the 1st Athens Biennial

Various Venues

“THE MINDLESSNESS OF POWER sometimes creates a memory from what was meant to be amnesia,” Chris Marker observes in Inner Time of Television, 2007, the words appearing on a wall above a bank of video monitors as part of an installation made by the London-based Otolith Group in collaboration with the French filmmaker—and put on view in this past fall’s First Athens Biennial. Appropriately enough, given the setting, the work is centered on Marker’s Owl’s Legacy, 1989, a little-known television series (never before screened in Greece) consisting of interviews with some forty intellectuals—including Michel Serres, George Steiner, and Iannis Xenakis—who discuss Greek philosophy and myth, ancient concepts of the soul, the etymology of Greek-derived words, and other subjects. Behind many of the talking heads is a colorful owl that stares intently at the viewer, seemingly guarding the legacy of Marker’s title. But in the context of a biennial intended to undermine the power of the cultural stereotypes that inform perceptions of Greece, the insistence of this owl (the emblem of ancient Athens and companion to Athena, goddess of wisdom) served more to reflect the intransigence of the idea of the “cradle of civilization.” Indeed, The Owl’s Legacy emerged in the show—which was somewhat hyperbolically titled “Destroy Athens”—as a nuanced take on the theme around which curators Xenia Kalpaktsoglou, Poka-Yio, and Augustine Zenakos organized their exhibition, fodder for their argument for a break with the antiquity that haunts the country and its people.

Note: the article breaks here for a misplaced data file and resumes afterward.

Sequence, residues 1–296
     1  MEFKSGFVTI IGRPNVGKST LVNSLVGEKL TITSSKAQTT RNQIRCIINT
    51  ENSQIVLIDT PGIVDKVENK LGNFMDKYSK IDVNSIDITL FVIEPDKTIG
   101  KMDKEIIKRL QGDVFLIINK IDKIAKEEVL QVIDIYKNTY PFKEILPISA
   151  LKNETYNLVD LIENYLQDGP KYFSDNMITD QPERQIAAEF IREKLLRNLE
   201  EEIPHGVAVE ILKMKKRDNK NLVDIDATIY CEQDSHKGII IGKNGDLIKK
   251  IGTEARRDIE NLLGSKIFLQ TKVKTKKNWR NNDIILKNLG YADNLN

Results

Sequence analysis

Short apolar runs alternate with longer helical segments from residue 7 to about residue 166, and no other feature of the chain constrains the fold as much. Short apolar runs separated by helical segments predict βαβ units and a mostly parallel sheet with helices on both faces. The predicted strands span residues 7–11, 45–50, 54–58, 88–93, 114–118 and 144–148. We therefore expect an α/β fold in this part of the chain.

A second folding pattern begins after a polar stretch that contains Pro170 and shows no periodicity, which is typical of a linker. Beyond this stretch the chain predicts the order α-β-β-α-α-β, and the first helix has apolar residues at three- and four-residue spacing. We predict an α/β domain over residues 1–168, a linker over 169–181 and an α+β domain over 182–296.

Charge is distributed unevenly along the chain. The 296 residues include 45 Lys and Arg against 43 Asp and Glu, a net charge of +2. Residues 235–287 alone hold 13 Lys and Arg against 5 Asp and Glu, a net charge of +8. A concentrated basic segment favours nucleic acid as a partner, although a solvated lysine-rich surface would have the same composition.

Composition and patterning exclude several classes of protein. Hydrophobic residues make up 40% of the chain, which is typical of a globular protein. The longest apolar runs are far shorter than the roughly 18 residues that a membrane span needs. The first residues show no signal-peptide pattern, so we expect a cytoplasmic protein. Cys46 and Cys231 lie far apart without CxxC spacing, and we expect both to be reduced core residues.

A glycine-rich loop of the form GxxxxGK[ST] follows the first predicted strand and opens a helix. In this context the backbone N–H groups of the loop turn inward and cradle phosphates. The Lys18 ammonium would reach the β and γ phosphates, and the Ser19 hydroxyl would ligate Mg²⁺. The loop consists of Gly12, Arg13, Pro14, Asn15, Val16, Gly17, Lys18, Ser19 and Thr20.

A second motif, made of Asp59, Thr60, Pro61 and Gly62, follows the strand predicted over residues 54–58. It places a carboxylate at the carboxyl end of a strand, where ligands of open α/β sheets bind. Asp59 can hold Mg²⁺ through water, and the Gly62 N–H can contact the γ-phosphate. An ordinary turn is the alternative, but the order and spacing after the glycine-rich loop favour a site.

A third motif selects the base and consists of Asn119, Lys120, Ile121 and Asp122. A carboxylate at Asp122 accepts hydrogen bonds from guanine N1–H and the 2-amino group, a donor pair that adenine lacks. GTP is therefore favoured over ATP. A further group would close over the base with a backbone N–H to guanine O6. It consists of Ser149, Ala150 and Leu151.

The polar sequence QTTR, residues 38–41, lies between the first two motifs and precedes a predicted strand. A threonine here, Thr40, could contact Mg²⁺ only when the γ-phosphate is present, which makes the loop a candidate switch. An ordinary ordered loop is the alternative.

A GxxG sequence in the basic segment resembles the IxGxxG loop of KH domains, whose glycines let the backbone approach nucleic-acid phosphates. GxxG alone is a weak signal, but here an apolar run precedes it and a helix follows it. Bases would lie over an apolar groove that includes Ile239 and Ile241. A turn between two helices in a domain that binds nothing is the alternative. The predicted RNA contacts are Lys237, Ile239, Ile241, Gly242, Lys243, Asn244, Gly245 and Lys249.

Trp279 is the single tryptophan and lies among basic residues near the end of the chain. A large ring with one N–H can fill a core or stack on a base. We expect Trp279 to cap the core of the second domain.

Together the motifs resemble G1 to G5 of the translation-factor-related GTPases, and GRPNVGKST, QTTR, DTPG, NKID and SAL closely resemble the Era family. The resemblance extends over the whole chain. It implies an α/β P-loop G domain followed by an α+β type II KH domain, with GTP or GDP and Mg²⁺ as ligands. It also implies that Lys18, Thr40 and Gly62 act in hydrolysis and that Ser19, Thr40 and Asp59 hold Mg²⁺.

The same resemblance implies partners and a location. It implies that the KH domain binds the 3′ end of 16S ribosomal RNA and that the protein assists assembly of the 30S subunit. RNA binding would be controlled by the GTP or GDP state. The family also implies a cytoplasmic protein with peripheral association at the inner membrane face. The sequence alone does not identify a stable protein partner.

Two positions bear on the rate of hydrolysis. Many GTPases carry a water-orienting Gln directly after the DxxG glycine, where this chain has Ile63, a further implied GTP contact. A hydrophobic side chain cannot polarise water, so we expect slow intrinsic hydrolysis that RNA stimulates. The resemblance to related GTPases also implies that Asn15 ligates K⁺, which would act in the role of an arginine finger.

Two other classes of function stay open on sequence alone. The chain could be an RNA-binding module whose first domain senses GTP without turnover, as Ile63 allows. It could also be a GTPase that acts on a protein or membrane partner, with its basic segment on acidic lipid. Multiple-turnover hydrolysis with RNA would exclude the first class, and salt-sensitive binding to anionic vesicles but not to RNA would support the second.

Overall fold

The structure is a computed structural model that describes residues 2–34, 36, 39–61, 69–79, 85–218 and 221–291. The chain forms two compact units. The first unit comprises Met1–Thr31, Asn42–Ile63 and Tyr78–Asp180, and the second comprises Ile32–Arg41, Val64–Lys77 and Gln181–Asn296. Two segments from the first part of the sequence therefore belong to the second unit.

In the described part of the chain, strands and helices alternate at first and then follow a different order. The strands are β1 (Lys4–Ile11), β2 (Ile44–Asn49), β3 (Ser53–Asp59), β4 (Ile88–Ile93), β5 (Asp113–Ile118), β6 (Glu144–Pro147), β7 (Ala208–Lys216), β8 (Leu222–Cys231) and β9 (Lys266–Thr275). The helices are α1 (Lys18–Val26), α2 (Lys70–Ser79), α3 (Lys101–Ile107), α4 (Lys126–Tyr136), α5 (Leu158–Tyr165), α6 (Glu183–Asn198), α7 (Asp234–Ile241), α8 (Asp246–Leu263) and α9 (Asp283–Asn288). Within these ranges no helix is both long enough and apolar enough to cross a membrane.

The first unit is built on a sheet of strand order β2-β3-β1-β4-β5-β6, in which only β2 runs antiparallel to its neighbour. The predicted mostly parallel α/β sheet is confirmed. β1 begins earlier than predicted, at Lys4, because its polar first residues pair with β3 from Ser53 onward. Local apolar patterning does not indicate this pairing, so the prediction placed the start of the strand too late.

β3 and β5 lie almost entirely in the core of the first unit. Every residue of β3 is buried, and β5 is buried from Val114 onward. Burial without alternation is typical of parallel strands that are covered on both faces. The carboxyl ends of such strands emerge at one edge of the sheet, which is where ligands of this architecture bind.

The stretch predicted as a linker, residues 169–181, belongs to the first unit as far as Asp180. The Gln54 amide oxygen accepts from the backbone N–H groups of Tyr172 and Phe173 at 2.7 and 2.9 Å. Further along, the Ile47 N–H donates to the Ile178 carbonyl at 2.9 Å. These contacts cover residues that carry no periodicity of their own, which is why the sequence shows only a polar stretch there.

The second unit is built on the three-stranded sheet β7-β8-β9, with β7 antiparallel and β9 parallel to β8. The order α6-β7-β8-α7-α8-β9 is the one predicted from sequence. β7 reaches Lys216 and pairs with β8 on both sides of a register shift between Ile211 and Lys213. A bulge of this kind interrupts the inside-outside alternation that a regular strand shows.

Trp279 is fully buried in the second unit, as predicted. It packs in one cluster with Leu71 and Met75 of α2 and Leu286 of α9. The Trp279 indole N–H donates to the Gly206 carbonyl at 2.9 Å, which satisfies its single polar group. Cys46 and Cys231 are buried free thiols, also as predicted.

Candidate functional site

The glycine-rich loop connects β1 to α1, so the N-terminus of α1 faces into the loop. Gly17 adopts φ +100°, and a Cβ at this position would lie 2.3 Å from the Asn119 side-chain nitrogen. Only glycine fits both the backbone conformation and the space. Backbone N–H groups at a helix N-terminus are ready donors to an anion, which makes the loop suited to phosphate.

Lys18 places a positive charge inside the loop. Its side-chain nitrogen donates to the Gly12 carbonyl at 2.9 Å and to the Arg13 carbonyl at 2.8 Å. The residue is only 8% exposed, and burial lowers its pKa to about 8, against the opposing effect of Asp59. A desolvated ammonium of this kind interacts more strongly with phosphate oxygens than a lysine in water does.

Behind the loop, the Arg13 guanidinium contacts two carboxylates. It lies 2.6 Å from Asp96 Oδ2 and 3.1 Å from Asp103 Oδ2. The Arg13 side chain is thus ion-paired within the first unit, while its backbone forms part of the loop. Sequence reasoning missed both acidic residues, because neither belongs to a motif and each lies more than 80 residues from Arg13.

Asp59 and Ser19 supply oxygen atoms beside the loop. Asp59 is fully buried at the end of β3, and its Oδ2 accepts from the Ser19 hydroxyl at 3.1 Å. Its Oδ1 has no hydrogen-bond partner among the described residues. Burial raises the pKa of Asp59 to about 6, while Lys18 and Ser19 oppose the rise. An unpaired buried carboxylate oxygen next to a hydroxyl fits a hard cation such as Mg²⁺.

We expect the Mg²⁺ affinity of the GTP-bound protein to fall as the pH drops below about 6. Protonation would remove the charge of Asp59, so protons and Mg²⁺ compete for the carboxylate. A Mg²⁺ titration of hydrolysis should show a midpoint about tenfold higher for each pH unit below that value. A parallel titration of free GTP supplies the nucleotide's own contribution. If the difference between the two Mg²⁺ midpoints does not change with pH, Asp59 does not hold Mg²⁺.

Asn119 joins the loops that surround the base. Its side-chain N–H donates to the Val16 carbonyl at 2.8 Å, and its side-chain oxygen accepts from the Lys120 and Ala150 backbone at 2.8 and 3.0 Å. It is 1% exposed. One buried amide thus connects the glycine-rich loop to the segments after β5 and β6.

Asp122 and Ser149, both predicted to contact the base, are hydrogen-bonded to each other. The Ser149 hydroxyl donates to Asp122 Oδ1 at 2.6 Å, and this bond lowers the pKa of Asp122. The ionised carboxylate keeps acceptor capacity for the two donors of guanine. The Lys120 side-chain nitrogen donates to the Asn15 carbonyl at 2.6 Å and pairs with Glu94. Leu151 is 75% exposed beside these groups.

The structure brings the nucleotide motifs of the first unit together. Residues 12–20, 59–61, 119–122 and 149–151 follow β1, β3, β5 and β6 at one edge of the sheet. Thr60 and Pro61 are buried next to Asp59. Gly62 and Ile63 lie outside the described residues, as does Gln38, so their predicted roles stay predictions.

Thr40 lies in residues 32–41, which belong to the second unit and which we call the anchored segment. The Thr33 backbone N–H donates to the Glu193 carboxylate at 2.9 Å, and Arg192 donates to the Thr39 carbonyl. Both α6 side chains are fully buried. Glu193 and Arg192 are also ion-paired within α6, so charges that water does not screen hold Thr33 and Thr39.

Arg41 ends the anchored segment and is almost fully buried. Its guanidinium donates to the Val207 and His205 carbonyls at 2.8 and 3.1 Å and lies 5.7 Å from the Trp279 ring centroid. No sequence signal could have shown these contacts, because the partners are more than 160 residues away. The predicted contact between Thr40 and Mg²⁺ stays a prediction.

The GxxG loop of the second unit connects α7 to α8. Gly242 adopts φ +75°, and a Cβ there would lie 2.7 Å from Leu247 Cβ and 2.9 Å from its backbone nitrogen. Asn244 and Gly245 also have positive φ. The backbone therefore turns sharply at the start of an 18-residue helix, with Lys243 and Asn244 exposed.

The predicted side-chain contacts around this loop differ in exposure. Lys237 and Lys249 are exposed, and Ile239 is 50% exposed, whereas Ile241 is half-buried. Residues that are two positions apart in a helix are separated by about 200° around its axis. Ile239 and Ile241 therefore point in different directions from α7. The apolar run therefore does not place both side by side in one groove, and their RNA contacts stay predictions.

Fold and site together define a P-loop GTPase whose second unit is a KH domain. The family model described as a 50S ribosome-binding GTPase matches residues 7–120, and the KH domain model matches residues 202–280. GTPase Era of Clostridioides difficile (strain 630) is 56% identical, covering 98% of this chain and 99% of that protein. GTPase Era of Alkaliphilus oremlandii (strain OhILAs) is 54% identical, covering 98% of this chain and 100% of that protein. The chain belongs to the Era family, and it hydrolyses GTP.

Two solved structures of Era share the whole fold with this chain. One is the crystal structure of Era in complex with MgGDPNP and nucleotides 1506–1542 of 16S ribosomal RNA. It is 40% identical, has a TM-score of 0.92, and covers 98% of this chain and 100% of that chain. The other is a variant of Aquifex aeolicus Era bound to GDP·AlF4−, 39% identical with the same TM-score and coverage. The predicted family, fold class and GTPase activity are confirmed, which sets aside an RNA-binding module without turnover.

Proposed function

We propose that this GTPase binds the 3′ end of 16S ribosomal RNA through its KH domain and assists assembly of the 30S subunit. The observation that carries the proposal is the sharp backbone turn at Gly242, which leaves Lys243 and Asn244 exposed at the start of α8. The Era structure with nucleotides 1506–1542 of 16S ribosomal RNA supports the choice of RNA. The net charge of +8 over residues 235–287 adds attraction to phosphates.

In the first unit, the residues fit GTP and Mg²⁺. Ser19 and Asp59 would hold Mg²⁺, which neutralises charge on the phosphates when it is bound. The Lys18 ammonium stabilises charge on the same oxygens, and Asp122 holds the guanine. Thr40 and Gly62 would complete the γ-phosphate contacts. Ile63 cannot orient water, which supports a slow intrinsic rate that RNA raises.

To set the tone, the show opened with Julian Rosefeldt and Piero Steinle’s video installation Detonation Deutschland, 1996, which consists of footage of building demolitions in postwar Germany. As aggressive, and also clearly linked to the exhibition’s premise, was Eva Stefani’s Acropolis, 2001, a video continually switching between images of the Parthenon and 1970s pornographic film clips, pointing to the iconic building’s timeless exploitation in the West’s collective memory. Such works were set within a narrative framework consisting of six “days,” each focusing on a different idea: civic participation (day one); place and history (day two); refuge and hell (day three); a brief pleasurable interlude (day four); violence (day five); and possible conclusions (day six). Visitors were directed through these sections along a linear route, or “journey,” through the Technopolis, a former gas factory.

Such a degree of curatorial control is a dangerous strategy but here ultimately generated an unexpected strength, thanks in large part to the complementary narrative elements in the films and videos on view (many of them made specifically for the biennial): Olaf Nicolai’s Rodakis, 2007, for example, a documentary portrait of Alekos Rodakis, a craftsman who in the 1880s built a stone house on the island of Aegina that would inspire a number of mid-twentieth-century architects wishing to incorporate popular traditions into their modernist plans; and Stefanos Tsivopoulos’s Untitled (Remake), 2007, which examines, in part with re-created footage, the political instrumentalization of television in late-1960s Greece, when the country was ruled by rightwing dictator Georgios Papadopoulos.